I was recently contacted by a colleague asking me about Debian.
First, excellent choice of operating system - I’m a huge fan of Debian. A complete guide to my configuration suggestions might be beyond the scope of this email. At one point I started to write up a blog post of the various tools, but it became too much of a mammoth task to finish and the blog post remains largely incomplete. This email has provided me some incentive to update that post and my dotfiles, so will look at that in the coming weeks. From the dotfiles, you can probably get some ideas from my basic postinstall setup
It’s probably worth mentioning that my recommendations, particularly for personal use, are highly opinionated and probably are things that are worthwhile you exploring. Nevertheless, let’s get into it:
General Install Notes
- Installation is pretty straightforward, main thing to note is that Debian uses the root (super user) + local user combination. Most distros now have just one user which can be elevated with sudo. If you want this out of the box, simply don’t enter a root password when prompted at install page and your user account will default to having sudo access.
- After install, I’d suggest moving to Debian testing (don’t use stable unless intended for server usage). To do this, edit the /etc/source/list.d file and change all instances of stable to testing.
Desktop Environment / Personal Use
- Choose Gnome desktop environment
Install gnome tweak tool (I think apt install gnome-tweaks) and install the chrome-gnome-shell connector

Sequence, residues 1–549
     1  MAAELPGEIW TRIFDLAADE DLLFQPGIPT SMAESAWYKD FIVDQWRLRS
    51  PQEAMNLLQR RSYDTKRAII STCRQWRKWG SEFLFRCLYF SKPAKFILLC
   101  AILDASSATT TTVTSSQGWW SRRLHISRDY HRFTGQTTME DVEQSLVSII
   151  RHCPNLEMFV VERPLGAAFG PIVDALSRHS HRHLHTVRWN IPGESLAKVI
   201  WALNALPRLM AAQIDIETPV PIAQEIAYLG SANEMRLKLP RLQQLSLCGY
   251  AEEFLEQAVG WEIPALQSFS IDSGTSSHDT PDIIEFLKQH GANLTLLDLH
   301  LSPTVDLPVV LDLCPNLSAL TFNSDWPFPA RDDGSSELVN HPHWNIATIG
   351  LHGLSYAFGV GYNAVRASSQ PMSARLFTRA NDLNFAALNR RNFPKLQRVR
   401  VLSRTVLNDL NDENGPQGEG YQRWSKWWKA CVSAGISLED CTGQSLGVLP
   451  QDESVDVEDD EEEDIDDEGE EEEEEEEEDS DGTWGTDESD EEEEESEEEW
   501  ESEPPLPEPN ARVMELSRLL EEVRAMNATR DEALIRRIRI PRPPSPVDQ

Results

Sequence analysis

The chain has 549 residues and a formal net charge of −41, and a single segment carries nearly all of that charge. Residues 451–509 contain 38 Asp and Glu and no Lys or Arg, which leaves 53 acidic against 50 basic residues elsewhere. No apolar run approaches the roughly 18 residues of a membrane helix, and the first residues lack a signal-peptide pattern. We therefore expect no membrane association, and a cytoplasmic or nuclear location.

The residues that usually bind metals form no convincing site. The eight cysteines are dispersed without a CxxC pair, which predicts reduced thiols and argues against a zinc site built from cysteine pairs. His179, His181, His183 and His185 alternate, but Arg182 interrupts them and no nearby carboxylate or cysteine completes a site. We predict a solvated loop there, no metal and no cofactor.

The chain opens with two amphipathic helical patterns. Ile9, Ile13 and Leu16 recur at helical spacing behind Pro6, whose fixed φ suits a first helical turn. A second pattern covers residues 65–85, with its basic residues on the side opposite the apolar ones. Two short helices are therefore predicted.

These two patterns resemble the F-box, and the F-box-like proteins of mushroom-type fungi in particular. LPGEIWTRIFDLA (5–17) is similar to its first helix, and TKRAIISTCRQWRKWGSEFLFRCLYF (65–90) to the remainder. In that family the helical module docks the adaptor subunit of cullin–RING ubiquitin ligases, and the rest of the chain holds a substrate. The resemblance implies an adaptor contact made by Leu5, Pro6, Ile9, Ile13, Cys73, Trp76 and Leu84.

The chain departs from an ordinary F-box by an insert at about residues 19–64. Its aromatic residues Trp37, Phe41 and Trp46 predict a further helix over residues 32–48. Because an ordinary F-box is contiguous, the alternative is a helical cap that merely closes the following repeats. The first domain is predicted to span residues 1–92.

It’s worth browsing the gnome extensions
Dash to Dock is probably the most essential plugin for me
Making caps lock useful: Options > Keyboard > Advanced? (I think) > Rebind Capslock to Control
Install Vimix Theme and enable in gnome tweak tool - looks a lot better than the default
Install microsoft fonts (ttf-mscorefonts-installer)
Remove firefox-esr package and install the real firefox
- Guake - dropdown terminal emulator. I usually bind to ctrl-alt-`
Terminator as your default terminal emulator for heavy usage
Visual studio Code - as your main editor
Essential: oh-my-zsh should be your main interpreter (not bash) - I’d also suggest enabling the debian plugin
If you are using SSH regularly, I’d suggest learning tmux - a terminal multiplexer allowing you to attach persistent SSH sessions with multiple panes. This is the best config I’ve found.
It’s worthwhile learning some of the basic commands in terminal, e.g. ctrl - R for backwards search. Some of the basics emacs commands for editing commands.
If you regularly need to work over SSH, Emacs/Vim are a must (my preference is spacemacs)
Some basics for building packages and general utilities
sudo apt install build-essential automake autoconf gnu-standards\ sudo apt install git zsh curl wget vim\ sudo apt-get -y install apt install linux-headers-$(uname -r | sed 's/[^-}*-[^-]*-//')\ sudo apt install r-base python3 python3-pip\ sudo apt install htop # for interactive process sessions